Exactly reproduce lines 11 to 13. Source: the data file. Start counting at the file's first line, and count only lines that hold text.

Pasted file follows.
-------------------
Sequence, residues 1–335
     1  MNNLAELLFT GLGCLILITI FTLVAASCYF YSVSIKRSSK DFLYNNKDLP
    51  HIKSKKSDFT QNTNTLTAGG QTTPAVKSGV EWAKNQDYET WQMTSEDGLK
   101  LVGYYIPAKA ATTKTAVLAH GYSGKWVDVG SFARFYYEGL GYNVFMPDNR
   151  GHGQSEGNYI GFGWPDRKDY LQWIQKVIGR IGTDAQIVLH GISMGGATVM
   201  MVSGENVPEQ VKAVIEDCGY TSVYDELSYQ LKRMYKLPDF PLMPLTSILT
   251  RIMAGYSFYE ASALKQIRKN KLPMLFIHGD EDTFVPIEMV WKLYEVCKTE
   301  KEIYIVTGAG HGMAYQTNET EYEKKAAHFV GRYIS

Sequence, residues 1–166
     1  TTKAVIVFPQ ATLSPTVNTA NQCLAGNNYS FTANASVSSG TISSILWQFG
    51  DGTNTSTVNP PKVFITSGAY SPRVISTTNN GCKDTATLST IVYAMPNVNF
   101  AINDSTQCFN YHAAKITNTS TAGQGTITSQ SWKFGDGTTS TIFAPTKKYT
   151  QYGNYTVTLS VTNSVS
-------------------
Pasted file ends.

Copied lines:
    51  DGTNTSTVNP PKVFITSGAY SPRVISTTNN GCKDTATLST IVYAMPNVNF
   101  AINDSTQCFN YHAAKITNTS TAGQGTITSQ SWKFGDGTTS TIFAPTKKYT
   151  QYGNYTVTLS VTNSVS